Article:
They found there were positive influences that NAC exerted in patients who have ulcerative colitis, including decreasing oxidative stress, lowering cell apoptosis and improving recovery in the colon. Lab studies and animal models have demonstrated NAC can protect normal cells from radiation therapy and chemotherapy but does not protect cancer cells.

NAC has preventive effects against airway hyperresponsiveness in animal studies using acute exacerbation of asthma. In their review, they found NAC was “safe and well tolerated” without considerable side effects.37

Source : Mercola More   

What's Your Reaction?

like
0
dislike
0
love
0
funny
0
angry
0
sad
0
wow
0

Next Article

6 Top Tips To Encourage Hair Growth

The loss of your hair is a painful thing to witness and you likely want to find a remedy to stop hair loss and help your hair to grow back fast.More

6 Top Tips To Encourage Hair Growth

Written By Finnegan Pierson / Reviewed By Ray Spotts

Thinning hair is a problem faced by both men and women. There are several reasons why someone would start to lose their hair. Sometimes the loss happens in noticeable patches and bald spots and sometimes there is simply thinning all over the whole scalp. Either way, the loss of your hair is a painful thing to witness and you likely want to find a remedy to stop hair loss and help your hair to grow back fast.

Destress

One of the top causes of hair loss, aside from medical reasons, is stress. When you're stressed out your body tends to focus on the more important aspects of functioning, and growing a healthy head of hair is not one of them. Stress can be both internal and external. When you are emotionally stressed, it will manifest in physical ways. Environmental stress will also have an impact on the quality of your hair.

You can help eliminate stress from your surrounding by doing your part to reduce energy emissions by going with solar energy. Your wallet will also thank you when you see the reduced energy costs. Schedule to keep everything in good working order and you will have a consistent energy source to power your hairdryer and lower your stress. 

Stimulate Your Scalp

A good scalp massage is a great idea to not only relax you but to help get the blood flowing to your hair follicles and support hair growth. Take a few minutes to massage your scalp when you're washing your hair or as an evening relaxation technique before bed.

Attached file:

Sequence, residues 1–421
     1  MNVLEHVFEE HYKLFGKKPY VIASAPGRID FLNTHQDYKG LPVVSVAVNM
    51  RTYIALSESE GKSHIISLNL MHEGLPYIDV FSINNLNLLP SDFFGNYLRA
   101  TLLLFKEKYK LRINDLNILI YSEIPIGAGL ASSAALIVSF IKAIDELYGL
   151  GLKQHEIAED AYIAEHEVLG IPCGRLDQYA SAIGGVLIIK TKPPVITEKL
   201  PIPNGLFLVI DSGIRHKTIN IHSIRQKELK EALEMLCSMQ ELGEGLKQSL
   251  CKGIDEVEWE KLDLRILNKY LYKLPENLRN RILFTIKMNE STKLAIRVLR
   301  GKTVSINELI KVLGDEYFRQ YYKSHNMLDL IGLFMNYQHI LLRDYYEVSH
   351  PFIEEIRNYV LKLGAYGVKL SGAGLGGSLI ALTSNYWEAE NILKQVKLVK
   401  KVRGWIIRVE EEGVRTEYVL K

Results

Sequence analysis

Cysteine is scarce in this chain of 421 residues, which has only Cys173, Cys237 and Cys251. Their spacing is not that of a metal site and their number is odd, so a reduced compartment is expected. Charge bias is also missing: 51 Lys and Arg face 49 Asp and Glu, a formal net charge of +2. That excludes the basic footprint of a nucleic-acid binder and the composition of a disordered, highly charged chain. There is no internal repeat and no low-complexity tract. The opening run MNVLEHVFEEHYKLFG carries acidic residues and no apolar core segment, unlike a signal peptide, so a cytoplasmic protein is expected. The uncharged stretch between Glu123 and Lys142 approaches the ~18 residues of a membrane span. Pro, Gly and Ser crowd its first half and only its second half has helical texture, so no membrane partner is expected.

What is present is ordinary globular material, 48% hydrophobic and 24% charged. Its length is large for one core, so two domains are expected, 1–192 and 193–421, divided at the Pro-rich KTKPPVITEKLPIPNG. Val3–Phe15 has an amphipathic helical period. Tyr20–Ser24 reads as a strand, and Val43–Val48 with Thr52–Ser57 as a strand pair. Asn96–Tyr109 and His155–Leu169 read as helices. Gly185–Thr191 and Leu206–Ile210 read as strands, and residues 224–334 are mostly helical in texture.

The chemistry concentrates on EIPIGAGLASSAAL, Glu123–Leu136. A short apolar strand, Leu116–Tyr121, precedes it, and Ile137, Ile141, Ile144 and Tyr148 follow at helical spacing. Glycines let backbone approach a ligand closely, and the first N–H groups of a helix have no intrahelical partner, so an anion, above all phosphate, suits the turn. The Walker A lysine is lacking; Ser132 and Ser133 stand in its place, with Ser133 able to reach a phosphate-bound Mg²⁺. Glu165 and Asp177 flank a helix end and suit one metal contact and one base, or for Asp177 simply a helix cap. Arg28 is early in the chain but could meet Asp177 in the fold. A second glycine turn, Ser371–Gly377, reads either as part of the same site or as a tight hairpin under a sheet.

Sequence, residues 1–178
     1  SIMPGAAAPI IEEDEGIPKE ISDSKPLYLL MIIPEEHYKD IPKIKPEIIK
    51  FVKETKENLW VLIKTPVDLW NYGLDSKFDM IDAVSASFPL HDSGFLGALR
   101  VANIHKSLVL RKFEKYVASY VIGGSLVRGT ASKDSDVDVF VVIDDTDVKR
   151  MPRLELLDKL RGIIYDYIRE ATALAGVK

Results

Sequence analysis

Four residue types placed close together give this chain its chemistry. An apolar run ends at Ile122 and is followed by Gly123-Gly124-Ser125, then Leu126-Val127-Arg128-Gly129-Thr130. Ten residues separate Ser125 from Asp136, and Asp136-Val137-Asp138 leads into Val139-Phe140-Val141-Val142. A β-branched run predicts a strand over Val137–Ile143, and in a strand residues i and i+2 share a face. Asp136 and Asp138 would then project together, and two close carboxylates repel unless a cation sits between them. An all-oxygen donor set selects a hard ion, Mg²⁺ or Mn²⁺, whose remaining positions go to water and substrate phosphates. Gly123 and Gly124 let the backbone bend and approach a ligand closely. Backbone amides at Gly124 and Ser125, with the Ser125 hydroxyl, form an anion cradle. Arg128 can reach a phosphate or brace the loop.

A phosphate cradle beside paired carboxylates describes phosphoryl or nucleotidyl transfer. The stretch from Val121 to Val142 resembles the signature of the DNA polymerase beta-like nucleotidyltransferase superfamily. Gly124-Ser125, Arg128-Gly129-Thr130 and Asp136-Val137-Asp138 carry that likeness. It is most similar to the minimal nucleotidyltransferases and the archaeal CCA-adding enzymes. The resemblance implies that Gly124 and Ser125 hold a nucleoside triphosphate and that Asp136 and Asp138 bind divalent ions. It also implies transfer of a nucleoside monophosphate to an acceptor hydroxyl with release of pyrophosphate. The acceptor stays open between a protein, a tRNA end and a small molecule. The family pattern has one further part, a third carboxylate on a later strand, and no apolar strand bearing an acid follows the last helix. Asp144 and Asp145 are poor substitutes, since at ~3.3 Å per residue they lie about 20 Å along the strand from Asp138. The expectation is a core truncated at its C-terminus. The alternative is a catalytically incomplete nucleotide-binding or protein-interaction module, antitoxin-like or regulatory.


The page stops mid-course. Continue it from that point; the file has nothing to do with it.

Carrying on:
Feed Your Hair

The foods that you eat will definitely have an effect on your body, including the appearance and feel of your hair. Protein is an important nutrient that you need to grow your hair, as are collagen and omega-3s. 

You can get collagen by drinking bone broth. This is a powerful remedy that will improve your overall gut health and well-being at the same time as nourishing your hair. A good source of omega-3s can be found in salmon and other fatty fish. These fats help feed your hair and encourage growth and strength. Other good sources of quality fats can be found in avocados, nuts, and seeds.

Take a Supplement

If your hair needs a little extra help, then you may want to consider taking a collagen or biotin supplement. These are some of the essential nutrients that your hair needs to stay strong and continue to grow long. Another good vitamin that can help out is vitamin C because of its ability to eliminate free radicals that can damage your hair.

Choose Hair Products Carefully

Many shampoos and other products contain chemicals or sulfates that can cause damage to your hair and scalp. Pay attention to the ingredient list and when possible, opt for natural products.

Castile soap is a great alternative to regular shampoos, or you can also wash your hair with diluted baking soda followed by a vinegar rinse. Add a few drops of your favorite if you like. Peppermint or rosemary are proven to help stimulate hair growth by cleansing the scalp and improving circulation.

Style Responsibly

Using too much heat to style your hair can cause split ends and dryness. Give your hair a break once in a while and stay away from the curling irons and hairdryers by finding styles that you enjoy where you can let your hair dry naturally.

Another thing to keep in mind is that a too-tight hairstyle can also lead to breakage and hair loss. Pulling your hair up into a ponytail or a bun daily can have a negative effect. If you do pull your hair back, make sure that it's not too tight and that the band that you use is comfortable and not pulling at your scalp.

When you start to pay attention to your environment and how you treat your hair, you can make some good changes that will improve your hair quality and encourage it to grow. With a little time and support, you can start to get your hair back to looking and feeling fantastic.

Subscribe to our  newsletter for more information about . If you are looking for more health resources check out the  

Written By:

Finnegan Pierson loves business and has a passion for Health and technology. Even more interesting is the combination of the two. As a freelance writer, Finn hopes to influence others so they can have positive life experiences.

Reviewed By:

Founder Ray Spotts has a passion for all things natural and has made a life study of nature as it relates to health and well-being. Ray became a forerunner bringing products to market that are extraordinarily effective and free from potentially harmful chemicals and additives. For this reason Ray formed , a company you can trust for clean, effective, and healthy products. Ray is an organic gardener, likes fishing, hiking, and teaching and mentoring people to start new businesses. You can get his book for free, “How To Succeed In Business Based On God’s Word,” at .

Photo by Tim Mossholder on Unsplash

Source : Trusted Health Products More   

This site uses cookies. By continuing to browse the site you are agreeing to our use of cookies.